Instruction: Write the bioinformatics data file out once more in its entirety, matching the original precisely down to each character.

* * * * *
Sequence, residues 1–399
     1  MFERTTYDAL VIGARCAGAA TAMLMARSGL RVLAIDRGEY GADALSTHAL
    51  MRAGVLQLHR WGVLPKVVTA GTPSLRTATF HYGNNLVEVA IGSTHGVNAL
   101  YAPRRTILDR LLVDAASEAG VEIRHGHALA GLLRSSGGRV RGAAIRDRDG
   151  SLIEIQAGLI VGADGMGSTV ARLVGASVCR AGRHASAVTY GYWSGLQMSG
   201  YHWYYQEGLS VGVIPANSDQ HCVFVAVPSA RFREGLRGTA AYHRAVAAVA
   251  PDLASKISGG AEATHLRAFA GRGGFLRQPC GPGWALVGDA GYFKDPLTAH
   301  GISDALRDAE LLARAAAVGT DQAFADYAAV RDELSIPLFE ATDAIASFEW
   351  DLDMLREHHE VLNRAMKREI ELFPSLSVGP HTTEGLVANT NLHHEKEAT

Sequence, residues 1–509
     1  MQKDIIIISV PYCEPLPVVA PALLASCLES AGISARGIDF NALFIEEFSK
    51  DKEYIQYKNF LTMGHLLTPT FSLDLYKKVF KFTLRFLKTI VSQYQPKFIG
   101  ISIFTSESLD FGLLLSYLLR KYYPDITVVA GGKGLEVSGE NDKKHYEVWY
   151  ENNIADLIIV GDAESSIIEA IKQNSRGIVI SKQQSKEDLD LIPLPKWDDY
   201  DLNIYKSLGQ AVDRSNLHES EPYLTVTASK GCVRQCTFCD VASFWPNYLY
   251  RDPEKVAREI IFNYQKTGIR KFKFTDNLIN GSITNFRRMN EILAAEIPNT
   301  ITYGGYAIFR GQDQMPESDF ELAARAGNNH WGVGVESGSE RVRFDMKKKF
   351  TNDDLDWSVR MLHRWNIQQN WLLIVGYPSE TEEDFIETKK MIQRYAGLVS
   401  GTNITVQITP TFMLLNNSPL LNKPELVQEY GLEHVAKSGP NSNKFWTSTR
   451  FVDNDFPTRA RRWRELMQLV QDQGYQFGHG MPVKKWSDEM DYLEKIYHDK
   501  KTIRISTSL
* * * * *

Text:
Sequence, residues 1–399
     1  MFERTTYDAL VIGARCAGAA TAMLMARSGL RVLAIDRGEY GADALSTHAL
    51  MRAGVLQLHR WGVLPKVVTA GTPSLRTATF HYGNNLVEVA IGSTHGVNAL
   101  YAPRRTILDR LLVDAASEAG VEIRHGHALA GLLRSSGGRV RGAAIRDRDG
   151  SLIEIQAGLI VGADGMGSTV ARLVGASVCR AGRHASAVTY GYWSGLQMSG
   201  YHWYYQEGLS VGVIPANSDQ HCVFVAVPSA RFREGLRGTA AYHRAVAAVA
   251  PDLASKISGG AEATHLRAFA GRGGFLRQPC GPGWALVGDA GYFKDPLTAH
   301  GISDALRDAE LLARAAAVGT DQAFADYAAV RDELSIPLFE ATDAIASFEW
   351  DLDMLREHHE VLNRAMKREI ELFPSLSVGP HTTEGLVANT NLHHEKEAT

Sequence, residues 1–509
     1  MQKDIIIISV PYCEPLPVVA PALLASCLES AGISARGIDF NALFIEEFSK
    51  DKEYIQYKNF LTMGHLLTPT FSLDLYKKVF KFTLRFLKTI VSQYQPKFIG
   101  ISIFTSESLD FGLLLSYLLR KYYPDITVVA GGKGLEVSGE NDKKHYEVWY
   151  ENNIADLIIV GDAESSIIEA IKQNSRGIVI SKQQSKEDLD LIPLPKWDDY
   201  DLNIYKSLGQ AVDRSNLHES EPYLTVTASK GCVRQCTFCD VASFWPNYLY
   251  RDPEKVAREI IFNYQKTGIR KFKFTDNLIN GSITNFRRMN EILAAEIPNT
   301  ITYGGYAIFR GQDQMPESDF ELAARAGNNH WGVGVESGSE RVRFDMKKKF
   351  TNDDLDWSVR MLHRWNIQQN WLLIVGYPSE TEEDFIETKK MIQRYAGLVS
   401  GTNITVQITP TFMLLNNSPL LNKPELVQEY GLEHVAKSGP NSNKFWTSTR
   451  FVDNDFPTRA RRWRELMQLV QDQGYQFGHG MPVKKWSDEM DYLEKIYHDK
   501  KTIRISTSL